If you can (oh what the heck, it’s my blog, I can do whatever I want with it), then that’s exactly what The 100-Year-Old-Man Who Climbed Out The Window and Disappeared is. Plainly speaking, this book is a whole lot of fun, even if you aren’t a big history buff.
This lovely, funny, rollicking little book was cooked up by Swedish author Jonas Jonasson (side note, isn’t this a fantastic name?). It came out in Sweden back in 2009 and as far as I’m aware, is a debut novel. I don’t know why it’s been all over the papers lately and promoted like crazy in the last two bookstores I wandered into (maybe it just took them awhile to get to an English translation? Maybe it just came out in paperback? I’m genuinely not sure), but when my friend recommended it on Facebook a couple of weeks ago, I decided to give it a try. A few clicks of the Kindle later and I was ready to read.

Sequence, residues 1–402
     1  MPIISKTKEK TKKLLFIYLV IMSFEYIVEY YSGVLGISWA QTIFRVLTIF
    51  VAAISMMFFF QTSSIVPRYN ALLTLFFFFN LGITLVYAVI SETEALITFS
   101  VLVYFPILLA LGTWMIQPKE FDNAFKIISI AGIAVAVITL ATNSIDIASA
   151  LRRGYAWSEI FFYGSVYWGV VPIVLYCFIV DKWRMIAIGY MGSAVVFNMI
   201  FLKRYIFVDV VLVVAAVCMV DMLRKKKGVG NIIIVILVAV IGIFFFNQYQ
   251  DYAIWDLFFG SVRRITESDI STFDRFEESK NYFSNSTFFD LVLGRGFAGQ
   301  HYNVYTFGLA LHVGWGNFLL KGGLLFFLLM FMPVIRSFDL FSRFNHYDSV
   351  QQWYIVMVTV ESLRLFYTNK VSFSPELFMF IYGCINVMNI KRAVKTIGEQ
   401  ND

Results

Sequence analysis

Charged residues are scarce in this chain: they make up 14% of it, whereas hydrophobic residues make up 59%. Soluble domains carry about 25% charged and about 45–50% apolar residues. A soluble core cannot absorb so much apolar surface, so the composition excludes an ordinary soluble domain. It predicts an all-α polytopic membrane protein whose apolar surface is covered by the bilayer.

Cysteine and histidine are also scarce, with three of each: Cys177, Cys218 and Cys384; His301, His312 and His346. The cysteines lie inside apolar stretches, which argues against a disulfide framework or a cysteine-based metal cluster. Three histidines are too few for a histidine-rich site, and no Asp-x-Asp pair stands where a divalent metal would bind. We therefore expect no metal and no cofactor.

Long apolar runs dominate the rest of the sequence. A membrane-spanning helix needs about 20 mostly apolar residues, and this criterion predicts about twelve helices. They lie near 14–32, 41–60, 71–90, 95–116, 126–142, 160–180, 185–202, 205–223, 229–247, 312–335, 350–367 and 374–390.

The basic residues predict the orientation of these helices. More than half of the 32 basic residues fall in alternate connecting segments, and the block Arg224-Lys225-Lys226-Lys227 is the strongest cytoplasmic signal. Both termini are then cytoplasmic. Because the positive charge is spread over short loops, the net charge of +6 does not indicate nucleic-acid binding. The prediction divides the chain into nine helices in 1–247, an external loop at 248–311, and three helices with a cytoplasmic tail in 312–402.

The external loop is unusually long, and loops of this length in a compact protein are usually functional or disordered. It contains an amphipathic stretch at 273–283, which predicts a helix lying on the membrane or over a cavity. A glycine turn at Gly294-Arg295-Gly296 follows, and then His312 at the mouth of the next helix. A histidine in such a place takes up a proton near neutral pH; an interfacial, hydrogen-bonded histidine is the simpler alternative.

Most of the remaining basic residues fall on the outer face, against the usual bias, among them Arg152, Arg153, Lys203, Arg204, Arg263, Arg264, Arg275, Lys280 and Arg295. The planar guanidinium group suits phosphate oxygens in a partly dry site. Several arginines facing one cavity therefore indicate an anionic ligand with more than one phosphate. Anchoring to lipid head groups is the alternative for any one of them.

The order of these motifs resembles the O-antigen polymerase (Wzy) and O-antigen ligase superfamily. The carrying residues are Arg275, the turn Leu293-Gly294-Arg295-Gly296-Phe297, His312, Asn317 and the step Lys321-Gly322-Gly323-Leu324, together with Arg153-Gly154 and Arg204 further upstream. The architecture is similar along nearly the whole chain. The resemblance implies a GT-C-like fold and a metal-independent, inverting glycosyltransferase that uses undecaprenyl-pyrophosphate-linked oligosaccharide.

The story is quite charming in its Forrest Gump-like narrative, which is told in a mix of present-day action and flashbacks to the past. Allan Karlsson jumps out the window of the old people’s home on the morning of his 100th birthday, and the story follows his improbable escape, as well as his presence at some of the most historically significant events of the 20th century. It’s really brilliant – funny, charming and smart – and a really quick read.
I finished it with lots to think about – both in terms of 20th century history and the realities of aging and death – which means it would be an exceptional book club pick. I’d recommend this one to anyone of any age – it’s nice reminder that sometimes we take the little details of our lives far too seriously.